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Probation is always preferable to jail, but the key to successful probation is to avoid violating it. And that means knowing what kinds of conduct rise to the level of violations.

In Florida, such conduct can include refusing to pay fines ordered by the court; traveling or meeting with certain people without first seeking permission from your officer; possessing, using or selling illegal drugs; getting arrested for any reason; missing appointments with your probation officer or missing a court appearance.

Your probation officer may merely issue you a warning but could require you to appear in court on a Violation of Probation charge. If that happens, it is important to treat the case as seriously and defend it as vigorously as any other criminal charge, which includes retaining a skilled lawyer immediately.

Just because your probation officer says you violated the terms of your probation doesn’t mean the charge will be held up in court. The state must prove that you willfully and substantially violated the terms of your probation. The judge will hear from your probation officer and you as to what exactly happened and will consider your criminal history and the seriousness of your violation.

So if you missed one appointment but gave a reasonable explanation, a judge likely would not consider that either substantial or willful. But missing several appointments would suggest deliberate avoidance, which is much more likely to be considered a violation. Likewise, an arrest alone is not considered a violation, but if you are convicted, it is a serious one.

A capable lawyer may be able to challenge other charges, including positive drug test results, which have been thrown out when the expertise of those administrating drug tests is called into doubt. As in other criminal cases, hearsay generally is not admissible, so a records custodian testifying that you failed a test may be excludable evidence.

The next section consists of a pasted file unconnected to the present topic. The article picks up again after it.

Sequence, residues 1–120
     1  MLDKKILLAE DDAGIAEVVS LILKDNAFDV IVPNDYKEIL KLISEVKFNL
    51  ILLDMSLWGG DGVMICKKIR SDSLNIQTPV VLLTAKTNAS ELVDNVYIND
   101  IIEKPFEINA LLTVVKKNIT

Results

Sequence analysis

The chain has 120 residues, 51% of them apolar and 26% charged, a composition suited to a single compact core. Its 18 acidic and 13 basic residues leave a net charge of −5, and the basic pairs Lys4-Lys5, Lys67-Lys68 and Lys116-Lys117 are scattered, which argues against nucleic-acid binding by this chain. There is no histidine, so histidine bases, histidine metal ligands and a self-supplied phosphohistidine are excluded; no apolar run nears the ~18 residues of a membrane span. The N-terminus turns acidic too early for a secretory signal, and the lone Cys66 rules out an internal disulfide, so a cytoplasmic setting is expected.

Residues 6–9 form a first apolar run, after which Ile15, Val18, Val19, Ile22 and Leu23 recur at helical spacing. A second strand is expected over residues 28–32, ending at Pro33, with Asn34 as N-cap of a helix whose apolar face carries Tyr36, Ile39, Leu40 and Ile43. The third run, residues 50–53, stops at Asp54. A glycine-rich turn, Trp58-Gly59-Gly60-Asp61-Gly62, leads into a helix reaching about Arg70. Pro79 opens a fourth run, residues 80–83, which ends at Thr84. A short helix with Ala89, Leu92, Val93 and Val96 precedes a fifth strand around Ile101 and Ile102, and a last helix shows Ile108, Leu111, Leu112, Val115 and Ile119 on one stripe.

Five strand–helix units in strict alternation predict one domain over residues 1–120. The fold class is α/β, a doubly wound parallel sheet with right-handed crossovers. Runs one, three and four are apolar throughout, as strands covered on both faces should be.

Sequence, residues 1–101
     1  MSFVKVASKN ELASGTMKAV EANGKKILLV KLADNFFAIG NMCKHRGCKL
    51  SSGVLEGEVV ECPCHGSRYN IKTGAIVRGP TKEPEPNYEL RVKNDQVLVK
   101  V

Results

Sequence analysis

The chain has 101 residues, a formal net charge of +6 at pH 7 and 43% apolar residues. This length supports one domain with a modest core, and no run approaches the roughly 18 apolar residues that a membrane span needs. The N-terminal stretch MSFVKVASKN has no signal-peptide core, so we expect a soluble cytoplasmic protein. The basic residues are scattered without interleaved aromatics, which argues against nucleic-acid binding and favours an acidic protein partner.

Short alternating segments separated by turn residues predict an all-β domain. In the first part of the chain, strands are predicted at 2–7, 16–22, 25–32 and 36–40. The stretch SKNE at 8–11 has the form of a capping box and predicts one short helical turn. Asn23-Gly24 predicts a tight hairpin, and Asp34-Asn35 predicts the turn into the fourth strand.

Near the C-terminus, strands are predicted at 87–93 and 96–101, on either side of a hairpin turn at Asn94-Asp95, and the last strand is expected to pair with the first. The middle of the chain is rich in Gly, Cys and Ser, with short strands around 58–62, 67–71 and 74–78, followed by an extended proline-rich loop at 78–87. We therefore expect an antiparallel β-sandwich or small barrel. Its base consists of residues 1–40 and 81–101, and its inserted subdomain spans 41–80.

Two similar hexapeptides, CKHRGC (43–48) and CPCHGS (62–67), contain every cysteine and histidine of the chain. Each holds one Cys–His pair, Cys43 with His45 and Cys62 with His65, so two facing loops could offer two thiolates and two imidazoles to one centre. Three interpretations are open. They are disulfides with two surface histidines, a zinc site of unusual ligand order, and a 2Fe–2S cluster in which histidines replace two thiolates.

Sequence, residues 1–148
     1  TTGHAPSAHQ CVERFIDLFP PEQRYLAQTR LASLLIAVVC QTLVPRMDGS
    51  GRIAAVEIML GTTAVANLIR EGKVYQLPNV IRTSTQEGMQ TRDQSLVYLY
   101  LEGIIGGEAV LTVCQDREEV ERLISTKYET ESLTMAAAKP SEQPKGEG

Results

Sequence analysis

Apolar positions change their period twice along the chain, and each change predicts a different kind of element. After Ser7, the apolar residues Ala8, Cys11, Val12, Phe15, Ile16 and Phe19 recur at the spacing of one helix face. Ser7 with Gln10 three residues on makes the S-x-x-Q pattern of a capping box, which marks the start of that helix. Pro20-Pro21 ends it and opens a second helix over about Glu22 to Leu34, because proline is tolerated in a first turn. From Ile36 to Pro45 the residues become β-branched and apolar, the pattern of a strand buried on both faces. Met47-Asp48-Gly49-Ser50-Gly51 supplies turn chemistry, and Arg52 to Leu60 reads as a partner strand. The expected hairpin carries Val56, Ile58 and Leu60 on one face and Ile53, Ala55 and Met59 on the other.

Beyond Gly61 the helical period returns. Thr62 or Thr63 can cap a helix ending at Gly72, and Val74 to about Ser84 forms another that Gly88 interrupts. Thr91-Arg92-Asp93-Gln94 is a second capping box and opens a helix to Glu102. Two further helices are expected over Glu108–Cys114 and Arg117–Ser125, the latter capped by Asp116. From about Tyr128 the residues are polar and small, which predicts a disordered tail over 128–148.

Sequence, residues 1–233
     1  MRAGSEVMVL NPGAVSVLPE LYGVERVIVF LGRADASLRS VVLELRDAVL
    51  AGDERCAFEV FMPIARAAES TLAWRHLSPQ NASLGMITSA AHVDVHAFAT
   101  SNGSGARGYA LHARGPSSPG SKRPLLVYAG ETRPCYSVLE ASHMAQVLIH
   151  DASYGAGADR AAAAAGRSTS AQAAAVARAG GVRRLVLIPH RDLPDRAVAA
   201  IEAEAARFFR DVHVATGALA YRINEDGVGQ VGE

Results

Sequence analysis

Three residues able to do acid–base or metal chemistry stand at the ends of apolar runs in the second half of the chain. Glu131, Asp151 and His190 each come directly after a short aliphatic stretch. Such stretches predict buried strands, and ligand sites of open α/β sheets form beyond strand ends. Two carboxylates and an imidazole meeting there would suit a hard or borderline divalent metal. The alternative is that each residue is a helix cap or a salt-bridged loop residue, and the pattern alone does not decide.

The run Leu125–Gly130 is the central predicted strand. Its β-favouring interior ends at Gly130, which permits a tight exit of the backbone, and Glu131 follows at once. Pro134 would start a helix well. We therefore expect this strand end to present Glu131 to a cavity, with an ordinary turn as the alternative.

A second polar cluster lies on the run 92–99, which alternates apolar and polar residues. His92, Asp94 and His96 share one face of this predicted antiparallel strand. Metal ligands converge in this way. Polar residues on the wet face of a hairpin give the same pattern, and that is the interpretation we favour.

Though there are defenses, a Violation of Probation charge is extremely serious and shouldn’t be treated lightly. If a court finds that you violated your probation, the maximum penalty for your original offense could mean going from probation to prison. Other potential consequences are wide ranging, from a warning or an additional fine to new criminal charges or an extension of your probationary period.

If you have been accused of violating probation, immediately contact an experienced lawyer who may be able to contest the charge or minimize penalties.

Alan Fowler and his law firm, Key West Criminal Defense, are a team of attorneys and paralegals who have successful defended clients in a range of criminal cases in Key West, the Florida Keys, and Monroe County, Florida. Call (305) 417-9378 or contact us online for a free consultation.

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